I’ve been getting my ass handed to me all over the place over the last few years. But I wouldn’t trade it for the world.
Lately things have been cheerful. I’ve accepted that my ex-partner is not the stellar friend or even human being that I once believed he was and I’ve stopped trying to bridge the gap. It’s been interesting to finally understand how skewed my thinking can be when I am viewing things through the muddy glasses of self-doubt and recrimination. I was so convinced that I was unworthy that I couldn’t see anything but my own flaws, and I overlooked way too much and accepted way too little as a result. Now I’m not asking for things that will not be given, nor am I planning on giving any more. Sometimes the rear view mirror reveals more than expected.
I’m also clear that Sam, while remaining one of my closest people, has much to experience in his life that cannot always include me, and vice versa. We’re still attached at the hip most days, and I don’t foresee that changing any time soon, but it is not a relationship in the normal sense of the word.
Anyway, this is not another relationship blog. Yawn to that. I’m just saying I’m in a pretty independent space right now and that information is coming in hard and fast from all different places. Exes and onstage alike.
So I was asked to sing at the last Sally Can’t Dance party that happened on Sunday, this one a tribute to the Stones “Some Girls”. Sam and I were supposed to sing a duet at the Cramps one a few months ago but we bailed bc he was going to be out of town and I didn’t think I’d be any good at a Lux vocal. And we love the Stones and listen to that album constantly, so it seemed appropriate. We picked “Lies”. It’s short, Sam could sing an easy back up for me and then do his own song, which was one not on the album – “Happy”.
I would never compare myself to Fergie, but the fact that she’s having a bad week musically has not escaped my attention after my own night. I like her, she’s sexy and cool and seems down to earth and fun in interviews. And now she’s had her ass handed to her over her noodley version of the national anthem. Lots of ass-carrying in this life, whether you’re famous or not.
So here’s how mine went down. And then I’ll tell you what I learned from it.
I can carry a tune and I am comfortable with a microphone in my hand. I’ve had lots of experience onstage so I’m not shaky about it. But I am fully aware that my voice is limited and I am not a “real” musician. I have no desire to be in a band anymore and prefer working behind the scenes. I’ve never played an instrument and I do a lot of counting in my head to know when to come in on verses or choruses. I can’t harmonize for shit. BUT I have charisma and I’m fun and I’ll dress up and that makes up for the not always stellar vocals.
Because I am not someone who jams or sings regularly anymore, I try to prepare as much as possible ahead of time for these one and done guest appearances. I’ll listen to the song over and over again, counting bars and writing the lyrics down until I know exactly what and when I’m singing. “Lies” by the way, is a mumbly mess of lyrics.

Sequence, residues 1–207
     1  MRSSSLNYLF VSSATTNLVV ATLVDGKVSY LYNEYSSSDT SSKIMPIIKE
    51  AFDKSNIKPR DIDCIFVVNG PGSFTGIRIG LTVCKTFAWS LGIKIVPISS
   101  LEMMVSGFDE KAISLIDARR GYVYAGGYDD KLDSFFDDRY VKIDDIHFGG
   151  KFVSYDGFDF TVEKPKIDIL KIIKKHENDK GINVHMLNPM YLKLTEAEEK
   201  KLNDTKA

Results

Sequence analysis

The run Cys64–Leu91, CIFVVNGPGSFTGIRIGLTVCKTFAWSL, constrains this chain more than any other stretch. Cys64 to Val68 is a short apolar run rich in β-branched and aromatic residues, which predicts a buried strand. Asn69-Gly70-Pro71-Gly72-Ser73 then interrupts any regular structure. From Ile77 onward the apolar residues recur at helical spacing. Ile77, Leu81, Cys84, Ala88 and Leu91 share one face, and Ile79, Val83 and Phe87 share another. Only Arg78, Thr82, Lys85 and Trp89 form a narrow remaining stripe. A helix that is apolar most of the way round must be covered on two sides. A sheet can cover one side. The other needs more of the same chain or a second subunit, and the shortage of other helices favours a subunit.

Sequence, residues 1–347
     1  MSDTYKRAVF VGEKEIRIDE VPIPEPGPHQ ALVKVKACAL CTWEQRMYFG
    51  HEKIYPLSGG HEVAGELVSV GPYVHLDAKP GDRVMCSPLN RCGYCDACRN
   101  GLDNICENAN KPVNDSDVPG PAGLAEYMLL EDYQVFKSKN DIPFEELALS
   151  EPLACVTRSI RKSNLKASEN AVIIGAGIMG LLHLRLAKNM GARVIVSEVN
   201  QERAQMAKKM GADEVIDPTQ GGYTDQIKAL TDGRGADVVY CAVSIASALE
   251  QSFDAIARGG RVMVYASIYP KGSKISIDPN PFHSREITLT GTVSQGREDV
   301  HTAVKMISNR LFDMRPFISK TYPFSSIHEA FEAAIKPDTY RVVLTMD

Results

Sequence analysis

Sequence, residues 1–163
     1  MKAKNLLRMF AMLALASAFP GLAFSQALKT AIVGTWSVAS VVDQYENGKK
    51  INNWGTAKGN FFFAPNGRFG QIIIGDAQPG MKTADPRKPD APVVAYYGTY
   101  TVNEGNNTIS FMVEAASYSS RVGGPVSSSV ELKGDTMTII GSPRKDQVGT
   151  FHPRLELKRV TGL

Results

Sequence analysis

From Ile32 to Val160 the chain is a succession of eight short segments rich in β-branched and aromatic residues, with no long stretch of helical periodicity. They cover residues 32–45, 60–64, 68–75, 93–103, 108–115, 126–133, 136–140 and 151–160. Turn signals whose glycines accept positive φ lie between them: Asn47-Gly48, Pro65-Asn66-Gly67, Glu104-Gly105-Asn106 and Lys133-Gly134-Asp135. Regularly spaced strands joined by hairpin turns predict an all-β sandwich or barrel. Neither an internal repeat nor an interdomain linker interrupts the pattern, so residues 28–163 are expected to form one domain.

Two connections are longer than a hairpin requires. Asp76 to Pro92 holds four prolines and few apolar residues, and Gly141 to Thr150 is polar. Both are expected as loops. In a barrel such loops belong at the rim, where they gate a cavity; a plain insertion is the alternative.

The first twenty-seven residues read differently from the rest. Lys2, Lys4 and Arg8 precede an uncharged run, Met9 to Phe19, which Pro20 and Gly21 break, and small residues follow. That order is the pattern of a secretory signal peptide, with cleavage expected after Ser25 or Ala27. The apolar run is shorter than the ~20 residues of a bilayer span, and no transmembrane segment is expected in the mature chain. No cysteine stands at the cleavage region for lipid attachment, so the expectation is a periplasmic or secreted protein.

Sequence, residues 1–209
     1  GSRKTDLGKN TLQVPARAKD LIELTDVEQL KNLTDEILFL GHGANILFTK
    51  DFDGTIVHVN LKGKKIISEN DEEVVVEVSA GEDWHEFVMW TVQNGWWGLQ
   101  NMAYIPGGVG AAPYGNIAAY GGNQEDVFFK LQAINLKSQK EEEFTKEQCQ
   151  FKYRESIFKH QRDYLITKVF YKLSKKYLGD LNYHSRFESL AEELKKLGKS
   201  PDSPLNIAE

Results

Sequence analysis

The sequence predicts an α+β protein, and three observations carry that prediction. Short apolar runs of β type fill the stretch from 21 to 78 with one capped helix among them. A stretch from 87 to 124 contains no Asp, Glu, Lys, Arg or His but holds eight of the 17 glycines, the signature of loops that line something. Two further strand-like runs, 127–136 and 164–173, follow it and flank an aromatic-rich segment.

I thought I had it down pretty well. It’s not a standard verse chorus verse chorus arrangement, but it’s a two minute song where you’re primarily yelling. Two verses, two sort of choruses, a lot of repeating the word “lies” over and over again and then you’re out. Easy peasy.
When I did Motorhead’s “I’ll Be Your Sister” last year I walked into rehearsal and we banged it out perfectly in two takes. The musicians were all friends of mine and everything was nice and tight and to the recorded versions.
This time I didn’t know anyone. And while they were all excellent players–professional, friendly, well-respected in the business–they were much looser with the songs, which is appropriate for the Stones, not as appropriate for me. I don’t do loose very well and after the beginning verses I couldn’t consistently tell when I was supposed to come in. We ran through it twice, sloppily, and though I felt nervous, the band leader assured me that he would cue me and I figured we’d be good as long as I kept my eye on him.
That night one performer after another got up and pretty much killed it. Everyone was on point and I still thought I’d be fine. I always am, in one way or another. And I had really good eyelashes on, a present from Zoe Stark. They were so big and lush that Sam said, referring to his transgender sister, who is gorgeous– “You look like my brother!” High praise indeed. It’s hard to go wrong when your makeup is right.
But onstage things go at a much faster pace and you can’t pause to regroup. Sam and I got up and made it through the verses okay. Then the rest of it collapsed in on itself. I had no idea where to jump in and I kept looking around for the cues that didn’t come. Sam was following me so he was equally flummoxed. I stood there gaping at the band in confusion and then, boom, the song was done. They just hammered through the second half without any cues or vocals.